In April 1990 then archbishop Desmond Connell and Msgr Stenson gave Walsh until May 1st to decide on either dismissal from the priesthood or voluntary laicisation. Archbishop Connell also formally ended Walsh's public ministry. In March 1991 there were further reports of his contacts with children.

The Dublin bishops decided to begin canon law proceedings against him. In August 1991, for the first time a parent complained to gardaí about Walsh’s attempt to pick up her son.

The following month Walsh was ordered by archbishop Connell to live at the St John of God psychiatric hospital in Stillorgan. The night before he did so he attempted to pick up another boy and gardaí were alerted.

Walsh returned to Stroud in January 1992 where he posed in nearby streets as a priest counsellor at the clinic and agreed to baby sit for a family. By chance the father found out who he was.

Back in Dublin, in July of that year, he befriended a 15-year-old boy. One of the boy’s parents contacted gardaí who contacted the archdiocese. More parents complained about his activities in December 1992 and again in May 1993.

In August 1993 a tribunal of the archdiocese decided he should be defrocked. In October 1993 he appealed this to Rome. While that was in train, he abused a boy at the child’s grandfather’s funeral. The boy’s mother contacted gardaí alleging Walsh had abused her son a year earlier also.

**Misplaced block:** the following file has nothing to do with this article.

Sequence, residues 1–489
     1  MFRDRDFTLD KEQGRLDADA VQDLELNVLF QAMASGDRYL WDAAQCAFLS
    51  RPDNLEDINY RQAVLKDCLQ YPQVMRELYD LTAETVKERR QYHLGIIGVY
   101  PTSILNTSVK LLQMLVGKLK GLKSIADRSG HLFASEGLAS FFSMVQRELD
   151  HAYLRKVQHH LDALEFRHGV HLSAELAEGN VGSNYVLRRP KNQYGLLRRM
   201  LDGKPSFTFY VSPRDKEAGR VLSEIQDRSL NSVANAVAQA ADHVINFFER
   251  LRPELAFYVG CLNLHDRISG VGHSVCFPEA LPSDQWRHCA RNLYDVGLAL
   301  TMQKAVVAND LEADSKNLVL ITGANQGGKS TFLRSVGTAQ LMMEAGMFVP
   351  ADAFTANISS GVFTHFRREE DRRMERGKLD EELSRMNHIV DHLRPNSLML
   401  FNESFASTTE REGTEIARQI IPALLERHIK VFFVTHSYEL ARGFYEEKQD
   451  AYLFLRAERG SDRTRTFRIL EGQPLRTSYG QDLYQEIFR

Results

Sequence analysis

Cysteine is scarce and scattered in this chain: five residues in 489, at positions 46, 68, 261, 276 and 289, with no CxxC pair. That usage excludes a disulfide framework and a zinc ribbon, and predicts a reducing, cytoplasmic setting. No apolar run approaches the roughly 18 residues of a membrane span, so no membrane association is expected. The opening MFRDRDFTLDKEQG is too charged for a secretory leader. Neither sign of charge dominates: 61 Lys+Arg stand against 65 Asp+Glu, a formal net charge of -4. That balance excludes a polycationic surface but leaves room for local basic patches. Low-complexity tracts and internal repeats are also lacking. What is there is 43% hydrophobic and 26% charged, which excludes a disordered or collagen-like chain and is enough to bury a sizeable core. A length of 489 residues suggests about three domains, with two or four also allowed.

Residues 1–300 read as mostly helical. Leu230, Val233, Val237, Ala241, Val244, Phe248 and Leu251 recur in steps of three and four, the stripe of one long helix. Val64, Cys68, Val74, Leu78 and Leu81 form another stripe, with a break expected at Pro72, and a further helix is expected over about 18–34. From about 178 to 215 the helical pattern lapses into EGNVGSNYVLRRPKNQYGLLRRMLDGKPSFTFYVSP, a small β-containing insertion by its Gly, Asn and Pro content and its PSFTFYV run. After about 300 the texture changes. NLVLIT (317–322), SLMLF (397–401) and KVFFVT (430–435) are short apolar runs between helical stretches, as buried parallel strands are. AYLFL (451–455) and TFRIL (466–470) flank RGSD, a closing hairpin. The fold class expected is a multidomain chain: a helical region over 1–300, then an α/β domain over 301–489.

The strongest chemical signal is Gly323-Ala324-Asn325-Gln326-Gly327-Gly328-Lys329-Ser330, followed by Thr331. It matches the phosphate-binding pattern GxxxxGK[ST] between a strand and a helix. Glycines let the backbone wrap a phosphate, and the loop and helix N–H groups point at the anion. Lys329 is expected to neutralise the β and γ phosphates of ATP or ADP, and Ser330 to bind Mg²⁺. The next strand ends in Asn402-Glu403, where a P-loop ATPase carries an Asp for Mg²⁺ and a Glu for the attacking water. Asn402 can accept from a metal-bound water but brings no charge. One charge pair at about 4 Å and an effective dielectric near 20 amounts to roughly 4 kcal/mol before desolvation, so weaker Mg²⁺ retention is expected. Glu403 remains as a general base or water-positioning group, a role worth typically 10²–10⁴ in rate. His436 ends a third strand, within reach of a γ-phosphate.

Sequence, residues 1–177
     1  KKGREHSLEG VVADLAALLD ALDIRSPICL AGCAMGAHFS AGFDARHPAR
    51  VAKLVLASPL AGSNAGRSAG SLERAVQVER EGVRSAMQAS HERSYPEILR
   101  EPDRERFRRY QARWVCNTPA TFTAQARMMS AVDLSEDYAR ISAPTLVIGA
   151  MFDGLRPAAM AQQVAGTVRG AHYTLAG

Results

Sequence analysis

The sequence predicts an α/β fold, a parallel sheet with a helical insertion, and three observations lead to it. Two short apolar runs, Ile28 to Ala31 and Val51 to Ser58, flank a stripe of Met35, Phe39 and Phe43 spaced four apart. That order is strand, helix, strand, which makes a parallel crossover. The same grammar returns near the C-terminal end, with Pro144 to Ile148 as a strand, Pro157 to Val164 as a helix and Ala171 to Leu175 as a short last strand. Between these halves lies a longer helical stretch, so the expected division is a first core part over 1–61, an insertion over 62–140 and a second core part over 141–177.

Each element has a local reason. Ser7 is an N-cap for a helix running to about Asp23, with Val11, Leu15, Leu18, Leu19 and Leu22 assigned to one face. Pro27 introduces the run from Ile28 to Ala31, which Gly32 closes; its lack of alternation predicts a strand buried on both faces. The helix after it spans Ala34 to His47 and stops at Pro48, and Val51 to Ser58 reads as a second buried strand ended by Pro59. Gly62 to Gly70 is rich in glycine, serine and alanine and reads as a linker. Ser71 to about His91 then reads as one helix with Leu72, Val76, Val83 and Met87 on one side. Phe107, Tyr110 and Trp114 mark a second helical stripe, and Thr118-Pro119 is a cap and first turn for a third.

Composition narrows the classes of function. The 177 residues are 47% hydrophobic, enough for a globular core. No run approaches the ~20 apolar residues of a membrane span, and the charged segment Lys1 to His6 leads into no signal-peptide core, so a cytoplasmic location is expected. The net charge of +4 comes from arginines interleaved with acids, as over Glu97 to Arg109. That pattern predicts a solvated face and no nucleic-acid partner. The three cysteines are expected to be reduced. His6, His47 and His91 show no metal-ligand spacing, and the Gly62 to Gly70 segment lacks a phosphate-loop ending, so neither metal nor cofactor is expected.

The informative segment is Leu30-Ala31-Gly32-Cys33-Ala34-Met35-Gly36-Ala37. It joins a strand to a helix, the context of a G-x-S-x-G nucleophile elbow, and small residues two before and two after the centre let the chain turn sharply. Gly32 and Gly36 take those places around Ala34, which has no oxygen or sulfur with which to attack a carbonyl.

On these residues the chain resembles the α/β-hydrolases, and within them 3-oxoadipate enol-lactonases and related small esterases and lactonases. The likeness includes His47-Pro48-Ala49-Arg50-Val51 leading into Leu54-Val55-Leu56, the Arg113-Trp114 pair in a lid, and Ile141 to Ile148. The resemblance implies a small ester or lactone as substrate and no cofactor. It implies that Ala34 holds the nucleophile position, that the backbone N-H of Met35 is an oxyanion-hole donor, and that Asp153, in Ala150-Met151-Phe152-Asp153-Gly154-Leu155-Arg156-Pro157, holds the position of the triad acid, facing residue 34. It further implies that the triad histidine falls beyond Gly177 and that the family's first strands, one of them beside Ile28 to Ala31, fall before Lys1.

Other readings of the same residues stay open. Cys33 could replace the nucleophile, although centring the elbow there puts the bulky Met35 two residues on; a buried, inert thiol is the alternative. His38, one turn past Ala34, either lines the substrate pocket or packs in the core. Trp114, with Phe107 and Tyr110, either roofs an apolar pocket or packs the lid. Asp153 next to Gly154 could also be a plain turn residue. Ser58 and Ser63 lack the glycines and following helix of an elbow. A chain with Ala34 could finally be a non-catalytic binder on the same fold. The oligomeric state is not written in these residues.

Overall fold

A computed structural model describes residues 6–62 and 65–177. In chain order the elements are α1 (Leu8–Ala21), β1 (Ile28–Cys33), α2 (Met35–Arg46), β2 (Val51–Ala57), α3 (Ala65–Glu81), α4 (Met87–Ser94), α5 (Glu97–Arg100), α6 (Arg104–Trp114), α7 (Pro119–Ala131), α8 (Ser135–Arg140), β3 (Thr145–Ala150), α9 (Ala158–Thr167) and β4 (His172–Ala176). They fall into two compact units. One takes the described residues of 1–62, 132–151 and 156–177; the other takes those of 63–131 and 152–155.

In late 1994 there were media reports about this. Early in 1995, Walsh admitted to gardaí that he abused two boys in the 1980s. In February 1995 he was charged in connection with his abuse of the boy at the funeral in 1994 and sentenced later to 12 months.


In May 1995, the archdiocese provided gardaí with other complaints about Walsh, 17 years after it first became aware of Walsh’s activities. Meanwhile, Rome decided Walsh would remain a priest but spend 10 years in a monastery.

In November 1995, archbishop Connell petitioned Pope John Paul II to dismiss Walsh from the priesthood. In January 1996, Cardinal Joseph Ratzinger, later Pope Benedict, issued a decree confirming Walsh's dismissal.

In December 1997, Walsh was sentenced to consecutive terms of six years and four years for assaults on six boys. On appeal this became six years. He was in prison until 2001.

In December 2010, Walsh’s abuse of one boy from 1978 to 1983 was deemed so extreme he was sentenced to a total of 123 years having been found guilty on 13 separate charges. The most lengthy sentence was for 16 years on a single charge.

These were concurrent sentences and four years were suspended as a psychologist’s report said it was unlikely Walsh would offend again. In 2013, he pleaded guilty to two more cases and in 2015 was convicted by a jury in relation to the sexual abuse of a girl.

On Tuesday, he was jailed for seven and half years for raping a boy three times, once with a crucifix. He is he is now due for release in June 2023.

Patsy McGarry

Patsy McGarry

Patsy McGarry is a contributor to The Irish Times